Moving to another city is the ultimate step you can take for long-term savings. Living in a large, major city will always be more expensive than living in a small town because property values are so high. That drives up virtually every other price in the city.
For example, moving from Los Angeles to Buffalo, N.Y. will cut your housing costs in half. Health care will cost 16 percent less, utilities 14 percent less, groceries 13 percent less and transportation 8 percent less [source: C2ER via CNN]. Over several years, you could save tens of thousands of dollars. That said, moving and buying a new home is expensive, so that cuts into your savings. You'll also have to find a job in your new city, and in a city with a low cost of living, you may have to take a pay cut.
In 2009, Forbes listed the best areas in the U.S. to live cheaply. The top city was Manchester, N.H., but note that good cities with low costs of living have certain characteristics. They have medium populations (enough for some job opportunities and cultural institutions), but that population has undergone a decline in the last few decades (which reduces property values due to supply and demand).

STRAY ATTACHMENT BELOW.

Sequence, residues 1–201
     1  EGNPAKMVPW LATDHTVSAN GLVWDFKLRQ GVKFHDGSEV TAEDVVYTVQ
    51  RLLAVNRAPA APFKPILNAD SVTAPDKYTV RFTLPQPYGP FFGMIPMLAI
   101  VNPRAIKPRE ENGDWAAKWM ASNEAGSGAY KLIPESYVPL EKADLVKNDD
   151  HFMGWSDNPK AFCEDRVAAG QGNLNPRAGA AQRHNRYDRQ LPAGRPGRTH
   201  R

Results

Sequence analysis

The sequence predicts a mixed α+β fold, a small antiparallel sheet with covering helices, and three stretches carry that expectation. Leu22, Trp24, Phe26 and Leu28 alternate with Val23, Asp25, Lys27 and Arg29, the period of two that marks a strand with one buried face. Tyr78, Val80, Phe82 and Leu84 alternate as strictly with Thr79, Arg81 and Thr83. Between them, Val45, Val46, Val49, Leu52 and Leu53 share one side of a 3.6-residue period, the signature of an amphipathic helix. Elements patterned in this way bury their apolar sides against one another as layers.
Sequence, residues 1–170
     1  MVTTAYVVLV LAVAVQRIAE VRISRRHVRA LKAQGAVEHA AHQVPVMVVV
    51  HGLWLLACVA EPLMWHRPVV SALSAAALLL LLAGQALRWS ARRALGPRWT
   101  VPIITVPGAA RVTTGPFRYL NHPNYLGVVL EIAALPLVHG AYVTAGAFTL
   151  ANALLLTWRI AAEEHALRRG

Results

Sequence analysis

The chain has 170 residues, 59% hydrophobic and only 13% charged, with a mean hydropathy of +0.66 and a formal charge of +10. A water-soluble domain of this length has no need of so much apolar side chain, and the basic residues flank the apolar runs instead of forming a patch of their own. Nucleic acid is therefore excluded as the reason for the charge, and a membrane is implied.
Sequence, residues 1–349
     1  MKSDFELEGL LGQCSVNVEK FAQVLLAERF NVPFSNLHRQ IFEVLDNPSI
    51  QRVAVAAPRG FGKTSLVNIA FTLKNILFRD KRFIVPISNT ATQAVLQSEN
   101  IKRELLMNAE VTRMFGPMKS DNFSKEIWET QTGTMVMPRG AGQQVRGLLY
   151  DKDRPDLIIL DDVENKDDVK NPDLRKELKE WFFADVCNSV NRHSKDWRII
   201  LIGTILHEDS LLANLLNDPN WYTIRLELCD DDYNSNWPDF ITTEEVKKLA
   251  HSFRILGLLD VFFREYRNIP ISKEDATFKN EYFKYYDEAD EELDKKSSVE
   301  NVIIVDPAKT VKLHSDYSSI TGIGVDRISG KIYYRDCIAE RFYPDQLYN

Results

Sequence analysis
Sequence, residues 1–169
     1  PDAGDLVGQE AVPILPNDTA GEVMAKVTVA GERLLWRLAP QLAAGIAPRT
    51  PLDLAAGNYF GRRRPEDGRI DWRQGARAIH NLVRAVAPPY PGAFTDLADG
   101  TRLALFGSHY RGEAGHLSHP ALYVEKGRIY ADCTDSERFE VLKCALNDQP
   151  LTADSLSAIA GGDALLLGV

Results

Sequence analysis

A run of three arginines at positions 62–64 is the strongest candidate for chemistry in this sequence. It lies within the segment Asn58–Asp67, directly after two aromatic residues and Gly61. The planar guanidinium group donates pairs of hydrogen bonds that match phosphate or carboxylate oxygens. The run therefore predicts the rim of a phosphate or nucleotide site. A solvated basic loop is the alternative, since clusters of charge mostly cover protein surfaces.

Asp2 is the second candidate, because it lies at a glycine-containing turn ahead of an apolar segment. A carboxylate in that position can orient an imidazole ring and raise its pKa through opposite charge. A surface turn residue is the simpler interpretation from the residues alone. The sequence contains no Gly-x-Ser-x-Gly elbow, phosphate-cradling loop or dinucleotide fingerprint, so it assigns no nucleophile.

If you don't need an urban lifestyle, rural areas usually offer low property values. However, the cost of living can be higher due to lack of access to public transportation and other services you might find in a city.
- Greenberg, Zack O'Malley. "Full List: America's Best Cheap Cities." Forbes, July 14, 2009. Accessed Oct. 18, 2011. http://www.forbes.com/2009/07/13/cheap-cities-property-lifestyle-real-estate-cheap-places-chart.html
- Kirby, Carrie. "How much savings can a vegetable garden sprout?" Chicago Tribune, April 14, 2011. Accessed Oct. 13, 2011. http://www.chicagotribune.com/business/sc-cons-0414-frugalista-garden-20110414,0,82774.story
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